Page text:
The analysis of MR images… found increased grey-matter density in the hippocampus, known to be important for learning and memory, and in structures associated with self-awareness, compassion and introspection. Participant-reported reductions in stress also were correlated with decreased grey-matter density in the amygdala, which is known to play an important role in anxiety and stress.
Note that the participants in the study were not required to sit in a mountain cave for years. These structural changes in their brain occurred in an average of 27 minutes a day. An episode of the “Two and a Half Men” sitcom takes longer than that!
#3: Another misunderstanding about mindfulness is that it’s only for people interested in Deepak-Oprah-style “joy and happiness”; this is incorrect. Mindfulness is a powerful method for developing a ruthless focus on your desired objective, and being non-reactive to irrelevant distractions, such as other people’s judgments, opinions, and concerns. It’s the furthest thing from acting like a passive schlub who is too timid to pursue their own interests and ambitions.
This is why meditation and related practices such as Zen Buddhism have long been associated with warrior-poets such as the samurai, and modern killers such as ultra-successful hedge fund manager Dan Loeb, who says meditation is the first thing he does every morning.
No doubt, the fictional Gordon Gekko from “Wall Street” would include meditation as part of his regimen alongside his office treadmill and blood pressure monitor.
Bud Fox: But why do you need to wreck this company?
Gordon Gekko: Because it’s wreckable! I took a second look and changed my mind.
– Wall Street (1987)
Shunryu Suzuki: The basic teaching of Buddhism is the teaching of transiency, or change. That everything changes is the basic truth for each existence.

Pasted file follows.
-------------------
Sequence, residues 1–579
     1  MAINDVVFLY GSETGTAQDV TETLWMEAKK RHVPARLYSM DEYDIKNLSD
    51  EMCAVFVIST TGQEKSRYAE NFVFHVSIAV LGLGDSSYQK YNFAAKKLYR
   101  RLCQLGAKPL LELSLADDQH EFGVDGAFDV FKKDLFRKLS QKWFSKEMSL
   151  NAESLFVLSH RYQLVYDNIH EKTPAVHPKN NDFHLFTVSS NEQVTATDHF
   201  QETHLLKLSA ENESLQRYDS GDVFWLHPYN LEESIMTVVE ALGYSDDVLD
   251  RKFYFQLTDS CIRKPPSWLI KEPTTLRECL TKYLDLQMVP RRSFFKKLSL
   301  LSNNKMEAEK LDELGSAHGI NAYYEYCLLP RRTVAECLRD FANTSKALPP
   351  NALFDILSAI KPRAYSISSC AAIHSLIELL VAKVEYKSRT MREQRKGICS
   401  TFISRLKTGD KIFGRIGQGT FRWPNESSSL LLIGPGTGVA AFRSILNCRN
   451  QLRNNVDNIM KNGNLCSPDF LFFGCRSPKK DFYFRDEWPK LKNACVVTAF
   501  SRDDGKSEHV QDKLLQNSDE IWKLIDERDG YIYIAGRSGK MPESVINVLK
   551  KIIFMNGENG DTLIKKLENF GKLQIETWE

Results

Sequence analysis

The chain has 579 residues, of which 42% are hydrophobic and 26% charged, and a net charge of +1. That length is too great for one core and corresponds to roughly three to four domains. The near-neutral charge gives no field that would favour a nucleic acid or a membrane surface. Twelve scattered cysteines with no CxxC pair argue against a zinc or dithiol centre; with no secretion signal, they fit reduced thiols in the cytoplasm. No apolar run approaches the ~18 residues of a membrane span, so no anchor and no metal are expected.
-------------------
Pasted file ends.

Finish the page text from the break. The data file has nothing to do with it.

– Zen Mind, Beginner’s Mind (1970)
Mindfulness practice is essentially amoral — although it is rarely marketed as such — therefore it can be used to serve whatever purpose you have in mind. This means it is not just for those seeking “enlightenment” (not that there’s anything wrong with that).
Want to know more about this topic?
Here is my brief slideshow that describes how meditation and hypnosis are similar and different.
There is a good audiobook on the subject by ABC News anchor Dan Harris: 10% Happier: How I Tamed the Voice in My Head, Reduced Stress Without Losing My Edge, and Found a Self-Help That Actually Works… it’s an excellent account of how he came around to see the value of this practice, after he had a humiliating panic attack during a live broadcast.
Also, don’t overlook the usefulness of the “Mindfulness for Dummies” book just because it’s part of the “Dummies” line. It’s a very practical introduction to the subject.
For more information, visit the main website at http://www.centercityhypnosis.com.
(DISCLAIMER: Testimonials and customer reviews are not guarantees of similar results. Individual results may vary.)